Part of the problem was that for a long time when linguists examined sign language, the users would automatically code shift to try to facilitate communication—so the linguists were seeing something more like signed English (or a pidgin—simplified grammar, for instance, to the point of having few features of a real language). Still, ASL has been recognized as a real and distinct language for at least 20 years by now.
I don’t know if ASL is considered a strictly a post-positional language. Generally modifiers follow nouns. But, the thing you were talking about, Maegan, is called “fronting” where, regardless of case, you can put the noun phrase that is the “theme” of the sentence in front. So a direct object, for instance, can be the first sign. (IIRC, in linguistics, they call this the “Theme-Rheme” approach. And I admit, it’s been ages since I learned this stuff, so don’t rely on what I say.) The nominative case noun phrase isn’t necessarily the “theme” or non-grammatical subject of the sentence—so you can put whatever is the theme in front. It’s done in informal English too. “Money—that’s what I want” instead of simply, “I want money.” (In the second one here, “I” is the grammatical subject, but the “theme” of both these sentences would be considered “money”.)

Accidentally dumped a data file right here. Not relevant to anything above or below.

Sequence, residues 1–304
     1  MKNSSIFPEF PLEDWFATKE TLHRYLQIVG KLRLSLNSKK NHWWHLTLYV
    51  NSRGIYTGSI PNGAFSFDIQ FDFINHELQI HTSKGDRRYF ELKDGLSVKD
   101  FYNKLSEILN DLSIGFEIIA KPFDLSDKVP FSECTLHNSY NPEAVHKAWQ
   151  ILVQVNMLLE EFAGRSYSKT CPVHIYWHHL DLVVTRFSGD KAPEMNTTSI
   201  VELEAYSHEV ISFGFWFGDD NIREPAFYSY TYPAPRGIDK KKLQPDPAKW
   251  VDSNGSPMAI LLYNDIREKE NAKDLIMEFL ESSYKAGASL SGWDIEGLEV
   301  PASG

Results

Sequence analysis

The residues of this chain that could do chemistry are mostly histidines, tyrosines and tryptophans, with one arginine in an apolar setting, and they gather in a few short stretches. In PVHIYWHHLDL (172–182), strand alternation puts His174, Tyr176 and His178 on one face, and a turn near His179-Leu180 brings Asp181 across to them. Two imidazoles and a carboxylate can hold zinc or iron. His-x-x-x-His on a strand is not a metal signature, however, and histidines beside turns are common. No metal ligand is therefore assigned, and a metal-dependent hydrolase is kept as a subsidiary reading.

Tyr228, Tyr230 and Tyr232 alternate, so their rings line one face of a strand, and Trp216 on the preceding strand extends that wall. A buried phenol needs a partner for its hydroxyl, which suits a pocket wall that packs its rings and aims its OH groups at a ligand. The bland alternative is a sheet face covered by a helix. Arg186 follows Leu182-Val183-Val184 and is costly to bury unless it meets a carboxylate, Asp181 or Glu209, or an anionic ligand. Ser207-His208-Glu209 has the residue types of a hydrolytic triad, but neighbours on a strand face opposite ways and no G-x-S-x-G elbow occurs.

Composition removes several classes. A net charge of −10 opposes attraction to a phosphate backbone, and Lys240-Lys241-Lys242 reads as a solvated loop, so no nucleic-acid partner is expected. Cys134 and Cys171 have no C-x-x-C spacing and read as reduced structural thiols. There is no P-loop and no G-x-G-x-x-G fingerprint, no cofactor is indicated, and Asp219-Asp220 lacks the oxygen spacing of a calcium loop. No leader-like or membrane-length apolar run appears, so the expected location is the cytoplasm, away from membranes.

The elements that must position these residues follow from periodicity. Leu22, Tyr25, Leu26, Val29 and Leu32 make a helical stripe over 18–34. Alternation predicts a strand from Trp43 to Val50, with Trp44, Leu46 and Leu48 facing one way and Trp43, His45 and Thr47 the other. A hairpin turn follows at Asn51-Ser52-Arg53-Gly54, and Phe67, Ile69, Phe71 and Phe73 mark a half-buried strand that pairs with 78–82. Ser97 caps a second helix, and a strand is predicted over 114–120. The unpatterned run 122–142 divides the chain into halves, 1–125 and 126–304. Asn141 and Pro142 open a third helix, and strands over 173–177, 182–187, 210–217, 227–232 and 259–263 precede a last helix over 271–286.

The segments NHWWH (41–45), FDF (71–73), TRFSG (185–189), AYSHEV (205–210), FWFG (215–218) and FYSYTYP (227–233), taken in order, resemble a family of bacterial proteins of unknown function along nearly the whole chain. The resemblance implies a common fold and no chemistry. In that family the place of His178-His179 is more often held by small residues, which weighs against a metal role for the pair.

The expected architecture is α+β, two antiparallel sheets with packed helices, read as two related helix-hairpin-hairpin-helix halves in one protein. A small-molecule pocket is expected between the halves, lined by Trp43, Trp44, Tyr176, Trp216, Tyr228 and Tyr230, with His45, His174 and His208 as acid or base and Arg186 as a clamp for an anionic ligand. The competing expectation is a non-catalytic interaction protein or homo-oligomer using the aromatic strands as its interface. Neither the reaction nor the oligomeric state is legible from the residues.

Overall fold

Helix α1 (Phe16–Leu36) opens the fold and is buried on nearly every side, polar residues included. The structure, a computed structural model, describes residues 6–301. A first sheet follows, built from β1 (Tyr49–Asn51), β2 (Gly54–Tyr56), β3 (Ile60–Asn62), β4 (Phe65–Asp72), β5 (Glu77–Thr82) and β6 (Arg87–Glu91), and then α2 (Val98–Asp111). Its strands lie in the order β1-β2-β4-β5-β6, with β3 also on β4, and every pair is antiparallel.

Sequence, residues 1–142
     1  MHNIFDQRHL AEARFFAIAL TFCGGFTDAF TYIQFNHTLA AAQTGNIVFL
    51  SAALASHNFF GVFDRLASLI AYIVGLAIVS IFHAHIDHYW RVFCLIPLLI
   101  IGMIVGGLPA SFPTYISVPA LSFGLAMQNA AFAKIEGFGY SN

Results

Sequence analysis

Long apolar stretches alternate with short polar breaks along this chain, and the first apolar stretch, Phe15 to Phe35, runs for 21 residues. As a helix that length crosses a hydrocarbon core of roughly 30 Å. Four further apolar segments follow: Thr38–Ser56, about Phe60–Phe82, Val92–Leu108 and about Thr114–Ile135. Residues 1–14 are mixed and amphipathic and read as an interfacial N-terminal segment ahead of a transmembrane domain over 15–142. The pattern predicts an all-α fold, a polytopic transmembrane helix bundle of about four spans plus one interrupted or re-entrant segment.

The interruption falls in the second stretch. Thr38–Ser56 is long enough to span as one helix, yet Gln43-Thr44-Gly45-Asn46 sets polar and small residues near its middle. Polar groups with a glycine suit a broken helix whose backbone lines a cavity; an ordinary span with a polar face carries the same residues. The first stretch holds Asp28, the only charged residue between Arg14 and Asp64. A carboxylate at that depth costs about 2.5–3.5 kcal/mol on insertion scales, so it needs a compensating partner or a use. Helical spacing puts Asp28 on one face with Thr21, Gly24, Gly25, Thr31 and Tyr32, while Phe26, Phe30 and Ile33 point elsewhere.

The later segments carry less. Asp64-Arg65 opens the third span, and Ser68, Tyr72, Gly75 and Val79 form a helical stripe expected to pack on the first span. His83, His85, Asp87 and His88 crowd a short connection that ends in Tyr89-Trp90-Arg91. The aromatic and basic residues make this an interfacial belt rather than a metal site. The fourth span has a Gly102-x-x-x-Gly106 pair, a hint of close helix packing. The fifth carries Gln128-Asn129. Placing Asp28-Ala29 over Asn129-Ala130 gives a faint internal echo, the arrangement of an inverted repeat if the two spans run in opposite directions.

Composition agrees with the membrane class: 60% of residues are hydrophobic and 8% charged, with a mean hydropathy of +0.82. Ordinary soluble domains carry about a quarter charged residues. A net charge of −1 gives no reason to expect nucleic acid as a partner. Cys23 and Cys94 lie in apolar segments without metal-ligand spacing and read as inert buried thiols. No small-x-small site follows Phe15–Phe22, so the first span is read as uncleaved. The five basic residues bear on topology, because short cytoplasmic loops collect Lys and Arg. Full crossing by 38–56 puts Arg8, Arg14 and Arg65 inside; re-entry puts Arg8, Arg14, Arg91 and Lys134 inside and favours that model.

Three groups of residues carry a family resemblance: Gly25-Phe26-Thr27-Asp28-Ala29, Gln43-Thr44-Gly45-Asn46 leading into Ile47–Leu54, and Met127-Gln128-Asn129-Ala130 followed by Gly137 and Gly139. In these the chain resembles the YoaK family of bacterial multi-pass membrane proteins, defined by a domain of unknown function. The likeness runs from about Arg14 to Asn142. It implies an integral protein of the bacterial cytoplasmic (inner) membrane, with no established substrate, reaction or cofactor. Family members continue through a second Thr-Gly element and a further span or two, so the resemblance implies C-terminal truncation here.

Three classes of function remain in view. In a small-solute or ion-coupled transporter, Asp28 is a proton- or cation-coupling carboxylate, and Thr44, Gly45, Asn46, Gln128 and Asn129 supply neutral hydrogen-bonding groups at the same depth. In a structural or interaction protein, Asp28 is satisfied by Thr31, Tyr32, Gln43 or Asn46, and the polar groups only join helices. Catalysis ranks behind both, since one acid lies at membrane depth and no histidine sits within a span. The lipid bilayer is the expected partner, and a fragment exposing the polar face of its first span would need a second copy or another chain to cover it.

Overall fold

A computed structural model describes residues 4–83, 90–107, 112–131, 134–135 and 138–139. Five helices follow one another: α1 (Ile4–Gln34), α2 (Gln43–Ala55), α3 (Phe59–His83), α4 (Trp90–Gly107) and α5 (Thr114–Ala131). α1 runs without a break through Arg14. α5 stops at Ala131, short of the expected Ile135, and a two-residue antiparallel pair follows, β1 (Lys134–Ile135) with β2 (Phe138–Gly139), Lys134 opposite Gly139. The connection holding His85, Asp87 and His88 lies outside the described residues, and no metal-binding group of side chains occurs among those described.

Oh—another cool phenomenon that Maegan’s post reminded me of: home signs. (Again, this is more about the way things used to be.) Unlike most speakers of a language, the majority of people who use ASL don’t learn it at home (because their families are very often hearing).
In urban areas, that works fine—the kid usually has a pretty frustrating early childhood, and then a pretty powerful experience the first time he or she meets the Deaf Community and is exposed to ASL.
In rural areas, there is often no Deaf Community, so they just make do. They’re usually taught English and have a very difficult time in school, and at home, just for expedience, the family ends up inventing signs for everyday use. These are just signs corresponding to English words (and usually only concrete nouns)—no grammar or anything like that.